CHICAGO -- The Indians' Jason Kipnis hasn't had many runners to talk to, but he mentioned a poll he has been conducting at second base.
Kipnis has been asking about ace Corey Kluber, who started slow this season but has looked much better recently, adding to that by allowing two runs (one earned) over 7 1/3 innings in Wednesday's 4-3 win against the White Sox at U.S. Cellular Field.
"I've been asking the few hitters that have gotten to second base today and in Boston," Kipnis said. "They say his stuff, he might have found it again. He's been looking real sharp."
That's exceptional news for the Indians, who have gotten by just fine despite Carlos Carrasco on the disabled list with a left hamstring injury and Kluber (4-5, 3.78 ERA) not starting this season as his dominant self.
The Indians entered Wednesday with the American League's fifth-best starting pitcher ERA at 4.02. The White Sox -- in fourth at 3.67 -- are the only American League Central team ahead of Cleveland.
"When you have at least six, seven guys you can throw out there that you're confident can not only win games for you, but shut teams down, at least give you a chance to win each night, you can't ask for much more than that," Kipnis said.
The biggest contributors have been Danny Salazar and Josh Tomlin, who have further proved reliable in a rotation known for its collection of self-made pitchers.
Salazar has started 4-3 with a 2.32 ERA, which ranks sixth among qualifying AL starters. Tomlin is 7-0, and manager Terry Francona was quick to point out Tomlin was exceptional last season, too. Since his first start of 2015 on Aug. 15, Tomlin has a 14-2 record with a 3.16 ERA in 18 starts. Jake Arrieta is the only pitcher in baseball with more wins in that time with 17.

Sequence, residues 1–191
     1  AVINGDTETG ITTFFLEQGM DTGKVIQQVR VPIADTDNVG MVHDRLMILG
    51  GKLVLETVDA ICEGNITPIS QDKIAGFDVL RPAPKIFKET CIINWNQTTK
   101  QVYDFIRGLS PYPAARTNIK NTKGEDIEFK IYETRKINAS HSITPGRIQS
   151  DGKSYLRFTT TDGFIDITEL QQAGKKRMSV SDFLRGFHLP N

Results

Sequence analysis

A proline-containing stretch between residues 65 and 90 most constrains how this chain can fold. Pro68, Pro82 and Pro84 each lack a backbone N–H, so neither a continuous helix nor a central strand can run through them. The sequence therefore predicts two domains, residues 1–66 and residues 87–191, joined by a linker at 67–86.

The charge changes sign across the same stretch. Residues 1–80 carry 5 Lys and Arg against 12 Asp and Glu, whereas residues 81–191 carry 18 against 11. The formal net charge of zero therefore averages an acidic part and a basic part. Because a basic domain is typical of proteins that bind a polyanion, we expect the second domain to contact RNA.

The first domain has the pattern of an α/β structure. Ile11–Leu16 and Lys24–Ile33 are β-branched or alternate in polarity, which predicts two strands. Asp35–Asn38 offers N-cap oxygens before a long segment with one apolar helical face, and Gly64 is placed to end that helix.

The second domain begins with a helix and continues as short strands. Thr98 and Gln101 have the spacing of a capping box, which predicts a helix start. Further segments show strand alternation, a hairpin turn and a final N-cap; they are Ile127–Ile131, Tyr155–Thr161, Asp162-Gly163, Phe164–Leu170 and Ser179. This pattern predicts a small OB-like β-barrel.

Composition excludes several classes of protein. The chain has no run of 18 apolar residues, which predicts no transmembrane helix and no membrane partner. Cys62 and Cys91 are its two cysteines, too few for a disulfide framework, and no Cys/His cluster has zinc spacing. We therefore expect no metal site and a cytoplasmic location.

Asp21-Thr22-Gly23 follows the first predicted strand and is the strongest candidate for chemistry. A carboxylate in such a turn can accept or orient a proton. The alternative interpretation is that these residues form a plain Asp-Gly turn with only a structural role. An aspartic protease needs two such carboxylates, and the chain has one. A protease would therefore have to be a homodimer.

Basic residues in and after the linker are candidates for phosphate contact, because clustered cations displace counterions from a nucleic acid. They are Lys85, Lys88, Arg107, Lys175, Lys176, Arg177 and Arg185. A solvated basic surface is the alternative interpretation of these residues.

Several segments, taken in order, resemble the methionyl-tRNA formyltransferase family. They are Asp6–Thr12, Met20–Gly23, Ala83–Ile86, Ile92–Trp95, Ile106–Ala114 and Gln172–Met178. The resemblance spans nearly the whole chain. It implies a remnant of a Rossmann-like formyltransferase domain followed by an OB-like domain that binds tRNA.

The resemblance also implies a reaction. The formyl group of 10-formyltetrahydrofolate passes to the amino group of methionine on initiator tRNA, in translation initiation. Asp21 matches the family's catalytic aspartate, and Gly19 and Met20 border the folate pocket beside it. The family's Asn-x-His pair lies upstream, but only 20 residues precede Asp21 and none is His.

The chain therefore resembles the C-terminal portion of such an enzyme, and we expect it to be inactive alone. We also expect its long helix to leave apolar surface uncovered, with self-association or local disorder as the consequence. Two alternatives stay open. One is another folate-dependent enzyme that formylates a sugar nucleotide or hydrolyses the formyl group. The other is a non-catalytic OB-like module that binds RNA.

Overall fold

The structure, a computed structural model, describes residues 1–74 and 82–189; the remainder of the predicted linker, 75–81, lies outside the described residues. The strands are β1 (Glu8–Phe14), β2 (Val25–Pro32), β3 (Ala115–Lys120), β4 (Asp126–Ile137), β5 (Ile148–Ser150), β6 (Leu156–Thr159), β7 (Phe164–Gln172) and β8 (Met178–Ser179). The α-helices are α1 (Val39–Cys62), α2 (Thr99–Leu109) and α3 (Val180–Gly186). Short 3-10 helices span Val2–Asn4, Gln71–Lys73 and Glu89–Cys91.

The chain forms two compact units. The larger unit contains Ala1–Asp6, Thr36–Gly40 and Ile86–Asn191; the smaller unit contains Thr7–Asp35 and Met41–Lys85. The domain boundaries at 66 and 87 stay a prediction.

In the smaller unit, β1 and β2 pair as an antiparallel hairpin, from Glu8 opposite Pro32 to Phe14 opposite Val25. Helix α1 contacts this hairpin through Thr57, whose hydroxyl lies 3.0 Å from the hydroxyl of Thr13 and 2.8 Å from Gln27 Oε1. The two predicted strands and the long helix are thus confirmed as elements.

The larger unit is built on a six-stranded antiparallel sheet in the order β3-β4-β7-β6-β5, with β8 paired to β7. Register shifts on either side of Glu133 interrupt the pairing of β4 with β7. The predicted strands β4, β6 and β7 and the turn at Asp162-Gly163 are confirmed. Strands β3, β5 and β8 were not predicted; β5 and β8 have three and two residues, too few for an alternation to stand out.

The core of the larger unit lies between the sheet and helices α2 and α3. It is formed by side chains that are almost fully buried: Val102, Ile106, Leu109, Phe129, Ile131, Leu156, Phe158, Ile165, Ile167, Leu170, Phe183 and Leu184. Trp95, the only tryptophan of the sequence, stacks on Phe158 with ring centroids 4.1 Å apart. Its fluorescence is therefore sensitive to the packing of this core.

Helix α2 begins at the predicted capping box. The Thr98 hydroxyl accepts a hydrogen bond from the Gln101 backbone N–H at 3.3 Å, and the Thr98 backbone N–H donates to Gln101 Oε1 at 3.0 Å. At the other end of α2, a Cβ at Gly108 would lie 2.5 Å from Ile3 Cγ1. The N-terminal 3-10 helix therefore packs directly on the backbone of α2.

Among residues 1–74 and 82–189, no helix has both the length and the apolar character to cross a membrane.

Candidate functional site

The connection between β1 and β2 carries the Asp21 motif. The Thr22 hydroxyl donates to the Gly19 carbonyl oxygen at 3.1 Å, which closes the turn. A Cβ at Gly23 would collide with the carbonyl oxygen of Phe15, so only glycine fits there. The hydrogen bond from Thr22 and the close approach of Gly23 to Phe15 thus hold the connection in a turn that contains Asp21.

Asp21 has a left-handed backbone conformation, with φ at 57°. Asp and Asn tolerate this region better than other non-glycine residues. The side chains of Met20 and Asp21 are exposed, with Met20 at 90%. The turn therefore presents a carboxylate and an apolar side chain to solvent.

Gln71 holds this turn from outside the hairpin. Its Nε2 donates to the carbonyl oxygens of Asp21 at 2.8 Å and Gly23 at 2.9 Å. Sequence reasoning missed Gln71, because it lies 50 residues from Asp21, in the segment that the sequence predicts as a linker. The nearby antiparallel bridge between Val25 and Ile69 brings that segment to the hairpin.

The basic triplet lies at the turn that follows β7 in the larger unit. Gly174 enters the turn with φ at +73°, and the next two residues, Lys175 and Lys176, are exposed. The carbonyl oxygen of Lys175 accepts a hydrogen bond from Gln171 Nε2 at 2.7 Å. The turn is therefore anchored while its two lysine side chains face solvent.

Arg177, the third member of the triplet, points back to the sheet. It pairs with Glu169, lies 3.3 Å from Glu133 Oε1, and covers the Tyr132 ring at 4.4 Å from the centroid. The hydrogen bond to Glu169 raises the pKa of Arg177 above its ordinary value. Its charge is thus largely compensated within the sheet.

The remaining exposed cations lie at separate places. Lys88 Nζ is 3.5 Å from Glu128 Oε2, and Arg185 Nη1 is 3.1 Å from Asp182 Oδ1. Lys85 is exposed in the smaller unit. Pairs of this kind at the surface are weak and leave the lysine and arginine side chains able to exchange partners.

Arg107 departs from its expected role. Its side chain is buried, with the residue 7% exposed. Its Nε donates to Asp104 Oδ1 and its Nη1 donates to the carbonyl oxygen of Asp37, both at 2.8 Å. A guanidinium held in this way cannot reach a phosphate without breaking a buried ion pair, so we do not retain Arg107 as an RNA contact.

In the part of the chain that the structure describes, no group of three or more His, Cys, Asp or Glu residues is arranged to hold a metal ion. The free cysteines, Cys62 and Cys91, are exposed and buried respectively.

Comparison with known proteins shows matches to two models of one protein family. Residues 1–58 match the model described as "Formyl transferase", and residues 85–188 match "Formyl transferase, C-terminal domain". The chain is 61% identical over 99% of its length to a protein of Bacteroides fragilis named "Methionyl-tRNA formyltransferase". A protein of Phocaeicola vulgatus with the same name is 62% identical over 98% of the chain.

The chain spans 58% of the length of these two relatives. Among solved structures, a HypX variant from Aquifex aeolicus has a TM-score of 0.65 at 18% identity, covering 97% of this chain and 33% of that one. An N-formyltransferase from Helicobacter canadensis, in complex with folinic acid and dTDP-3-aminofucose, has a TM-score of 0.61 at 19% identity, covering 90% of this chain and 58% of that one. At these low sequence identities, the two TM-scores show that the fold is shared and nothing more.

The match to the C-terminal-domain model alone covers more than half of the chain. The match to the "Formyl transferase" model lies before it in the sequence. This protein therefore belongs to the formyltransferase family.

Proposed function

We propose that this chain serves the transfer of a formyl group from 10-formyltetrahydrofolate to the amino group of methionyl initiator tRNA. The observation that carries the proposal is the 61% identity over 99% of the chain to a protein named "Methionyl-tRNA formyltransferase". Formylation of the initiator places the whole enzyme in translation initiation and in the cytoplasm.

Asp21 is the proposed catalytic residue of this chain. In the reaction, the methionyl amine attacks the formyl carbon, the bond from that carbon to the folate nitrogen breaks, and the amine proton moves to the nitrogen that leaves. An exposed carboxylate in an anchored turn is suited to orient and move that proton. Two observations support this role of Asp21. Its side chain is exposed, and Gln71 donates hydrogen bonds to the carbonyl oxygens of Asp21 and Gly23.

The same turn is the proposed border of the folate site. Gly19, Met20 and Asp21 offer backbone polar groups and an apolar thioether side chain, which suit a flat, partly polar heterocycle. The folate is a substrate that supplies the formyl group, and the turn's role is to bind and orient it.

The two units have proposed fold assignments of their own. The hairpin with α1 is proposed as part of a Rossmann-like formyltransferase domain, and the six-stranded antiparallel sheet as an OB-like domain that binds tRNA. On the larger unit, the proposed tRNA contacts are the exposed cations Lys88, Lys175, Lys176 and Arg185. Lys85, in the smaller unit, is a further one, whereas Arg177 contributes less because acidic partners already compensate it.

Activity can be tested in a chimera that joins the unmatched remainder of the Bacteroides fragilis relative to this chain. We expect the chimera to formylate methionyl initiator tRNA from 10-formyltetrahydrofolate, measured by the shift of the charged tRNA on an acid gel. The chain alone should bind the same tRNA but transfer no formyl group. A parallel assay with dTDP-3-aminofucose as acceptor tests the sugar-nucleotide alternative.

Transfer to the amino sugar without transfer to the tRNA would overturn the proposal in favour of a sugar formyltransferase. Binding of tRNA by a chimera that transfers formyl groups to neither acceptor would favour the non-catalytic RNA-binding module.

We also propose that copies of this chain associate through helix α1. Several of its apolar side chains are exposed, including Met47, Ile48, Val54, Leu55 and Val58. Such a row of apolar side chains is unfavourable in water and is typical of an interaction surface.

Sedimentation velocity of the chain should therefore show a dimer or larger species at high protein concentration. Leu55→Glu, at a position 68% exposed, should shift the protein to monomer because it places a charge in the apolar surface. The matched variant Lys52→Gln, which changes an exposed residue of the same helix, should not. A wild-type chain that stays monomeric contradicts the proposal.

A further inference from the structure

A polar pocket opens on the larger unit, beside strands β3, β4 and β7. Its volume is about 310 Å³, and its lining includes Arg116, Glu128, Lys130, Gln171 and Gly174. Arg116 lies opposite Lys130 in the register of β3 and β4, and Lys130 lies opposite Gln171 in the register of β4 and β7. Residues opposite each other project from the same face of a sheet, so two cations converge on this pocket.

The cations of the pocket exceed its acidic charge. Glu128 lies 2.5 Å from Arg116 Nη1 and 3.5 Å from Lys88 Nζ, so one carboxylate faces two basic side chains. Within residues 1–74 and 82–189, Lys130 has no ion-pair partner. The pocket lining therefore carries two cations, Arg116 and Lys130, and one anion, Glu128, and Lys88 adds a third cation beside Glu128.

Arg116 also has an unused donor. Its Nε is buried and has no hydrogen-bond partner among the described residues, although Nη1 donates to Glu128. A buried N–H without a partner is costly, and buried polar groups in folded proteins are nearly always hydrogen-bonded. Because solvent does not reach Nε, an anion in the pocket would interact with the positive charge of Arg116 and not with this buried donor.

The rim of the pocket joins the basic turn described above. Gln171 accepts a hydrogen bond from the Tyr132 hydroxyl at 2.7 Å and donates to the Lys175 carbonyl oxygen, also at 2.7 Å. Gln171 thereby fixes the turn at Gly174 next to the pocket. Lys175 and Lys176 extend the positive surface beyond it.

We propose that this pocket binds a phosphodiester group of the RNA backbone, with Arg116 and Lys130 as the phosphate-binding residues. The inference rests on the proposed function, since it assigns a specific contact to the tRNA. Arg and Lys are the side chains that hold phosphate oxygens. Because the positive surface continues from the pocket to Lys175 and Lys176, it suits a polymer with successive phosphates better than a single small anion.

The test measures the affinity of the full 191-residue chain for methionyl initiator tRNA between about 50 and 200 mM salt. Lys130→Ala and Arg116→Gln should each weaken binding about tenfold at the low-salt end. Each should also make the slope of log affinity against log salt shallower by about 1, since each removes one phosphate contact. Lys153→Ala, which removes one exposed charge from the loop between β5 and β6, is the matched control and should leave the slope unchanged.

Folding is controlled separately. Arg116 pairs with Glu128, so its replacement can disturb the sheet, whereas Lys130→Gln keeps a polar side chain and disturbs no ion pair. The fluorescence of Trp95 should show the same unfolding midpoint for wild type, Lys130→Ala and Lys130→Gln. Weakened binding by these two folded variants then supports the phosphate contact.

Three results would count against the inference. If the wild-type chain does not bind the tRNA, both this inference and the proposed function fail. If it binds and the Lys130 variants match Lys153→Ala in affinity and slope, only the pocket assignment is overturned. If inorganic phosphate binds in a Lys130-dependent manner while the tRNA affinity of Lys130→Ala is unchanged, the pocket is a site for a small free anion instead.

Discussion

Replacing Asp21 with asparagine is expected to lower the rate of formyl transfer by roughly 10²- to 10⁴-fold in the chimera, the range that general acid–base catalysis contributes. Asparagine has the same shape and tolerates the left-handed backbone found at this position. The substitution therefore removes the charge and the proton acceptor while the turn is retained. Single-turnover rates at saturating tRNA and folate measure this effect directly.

"They're doing awesome," Kluber said. "That's our goal, to have one through five, every time we go out there, whichever guy is on the mound, and feel like we're winning the game that day no matter what."
The Indians still have a question mark at the back of the rotation. Cody Anderson, Mike Clevinger and Trevor Bauer have all logged starts, but Francona said he is encouraged with his group of young pitchers who could get better with time.
The fact Francona has an ace in Kluber, the 2014 AL Cy Young Award winner, doesn't hurt.
"We have some other guys pitching pretty well, but he certainly anchors [the rotation]," Francona said, "We have that one guy that has the responsibility of maybe going up against the other team's best pitcher, and he's earned that."
So in a tightening AL Central race, the Indians are affirming the notion their pitching can compete with the best.
"That's the idea, if you can have a rotation where you show up to the ballpark, and your guys think you have a good chance to win," Francona said.
Cody Stavenhagen is a reporter for MLB.com based in Chicago. This story was not subject to the approval of Major League Baseball or its clubs.